Naturally, the embassy staff did their utmost to help us settle down, but it was really our Turkish relatives who made us feel at home. One of my mother’s brothers, Ghazi Ghulam Haider, who became the first English-language newscaster on Radio Pakistan, was-how shall I put it?-a great romantic. He was always falling in love, and every so often we would discover that he had married again. Uncle Haider’s first wife was a half-Turkish woman whose mother was a full Turk. Her brother, Hikmet, left India for Turkey and settled down there.

On reaching Ankara my father tried to locate Hikmet, even placing an advertisement in the newspapers, without success. Then, as luck would have it, a Turkish woman who knew Hikmet joined the Pakistani embassy as a typist. Her name was Mehershan. Hikmet was in Istanbul. She telephoned him, and he came to Ankara to meet us. He introduced us to our other relatives. We would meet every so often, and we were always in and out of each other’s homes. One of those relatives was Colonel Kadri Bey. He was married to Leman Khanum. Of their two sons, Metin was extremely handsome, with a golden-brown moustache and curly hair, and Chetin is a wonderful man. I am still in contact with them.

For the first six or eight months of our stay, my brothers and I were enrolled in a Turkish school. The English taught there was rudimentary, but the school helped us to learn very good Turkish, which went a long way in enabling us to become good friends with Turkish boys. Children at that age learn very fast and very well, and our accent and pronunci­ation became perfect. Soon, we were so fluent that our Turkish friends couldn’t tell we were foreigners. Even now, when I speak Turkish in Pakistan, it is very different from that of our interpreters. But we needed English as our medium of instruction. My parents discovered a German woman who had a private school attended by a number of for­eign boys and girls. We were admitted to her school and studied there for the rest of our time in Turkey. She was Madame Kudret-Kudret being her Turkish husband’s surname.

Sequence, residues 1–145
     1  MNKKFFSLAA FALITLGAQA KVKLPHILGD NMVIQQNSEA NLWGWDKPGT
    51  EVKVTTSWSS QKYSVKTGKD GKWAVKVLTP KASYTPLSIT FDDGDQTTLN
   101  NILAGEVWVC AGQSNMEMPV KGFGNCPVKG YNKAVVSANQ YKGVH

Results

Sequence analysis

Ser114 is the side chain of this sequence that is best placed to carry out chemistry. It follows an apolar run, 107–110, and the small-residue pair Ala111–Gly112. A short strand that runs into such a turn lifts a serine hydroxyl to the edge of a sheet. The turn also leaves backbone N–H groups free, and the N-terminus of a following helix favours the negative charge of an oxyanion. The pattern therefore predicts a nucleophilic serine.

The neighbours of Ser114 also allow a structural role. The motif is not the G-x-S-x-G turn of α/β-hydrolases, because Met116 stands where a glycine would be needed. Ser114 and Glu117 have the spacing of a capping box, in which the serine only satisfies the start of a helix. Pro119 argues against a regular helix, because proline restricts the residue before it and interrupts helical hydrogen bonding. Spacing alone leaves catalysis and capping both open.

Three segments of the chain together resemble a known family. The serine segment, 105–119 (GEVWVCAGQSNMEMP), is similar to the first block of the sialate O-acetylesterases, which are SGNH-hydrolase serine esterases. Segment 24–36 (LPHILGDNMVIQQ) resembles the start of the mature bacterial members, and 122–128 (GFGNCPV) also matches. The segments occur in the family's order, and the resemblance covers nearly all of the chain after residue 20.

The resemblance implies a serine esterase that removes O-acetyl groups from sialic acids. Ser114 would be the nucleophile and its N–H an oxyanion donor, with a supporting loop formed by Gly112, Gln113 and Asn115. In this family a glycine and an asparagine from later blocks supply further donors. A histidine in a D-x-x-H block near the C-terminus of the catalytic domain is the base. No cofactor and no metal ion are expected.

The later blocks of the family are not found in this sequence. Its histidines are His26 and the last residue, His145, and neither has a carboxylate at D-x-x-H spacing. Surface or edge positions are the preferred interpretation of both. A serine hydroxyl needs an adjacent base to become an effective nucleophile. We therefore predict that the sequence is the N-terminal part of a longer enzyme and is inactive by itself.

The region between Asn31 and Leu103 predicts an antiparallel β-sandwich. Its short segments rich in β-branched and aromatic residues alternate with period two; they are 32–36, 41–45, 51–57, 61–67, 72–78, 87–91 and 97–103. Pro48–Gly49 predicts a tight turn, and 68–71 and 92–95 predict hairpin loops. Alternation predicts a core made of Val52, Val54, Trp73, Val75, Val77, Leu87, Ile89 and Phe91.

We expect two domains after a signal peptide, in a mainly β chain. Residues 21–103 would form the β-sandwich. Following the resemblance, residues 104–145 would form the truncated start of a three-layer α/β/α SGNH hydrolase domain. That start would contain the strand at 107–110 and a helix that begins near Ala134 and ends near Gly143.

She laid great emphasis on mathematics and geography, and that is why Javed and I became very good in both subjects; we were especially good at making calculations in our heads. Madame Kudret had a unique ability to make us enjoy mathematics, and she taught us easy methods for mental calculations. She honed our skills by making the children compete with one another. My later marks were always the best in mathematics and geography, thanks to Madame Kudret. Even in class ten (the equivalent of tenth grade in the United States), when my grades dropped dramatically for reasons that I shall explain, I earned a perfect score in mathematics. Madame Kudret also taught us world geography; we learned how to draw and read maps and how to identify countries, capitals, oceans, rivers, deserts, and mountains. This knowledge helped me immensely when I joined the Pakistan Army.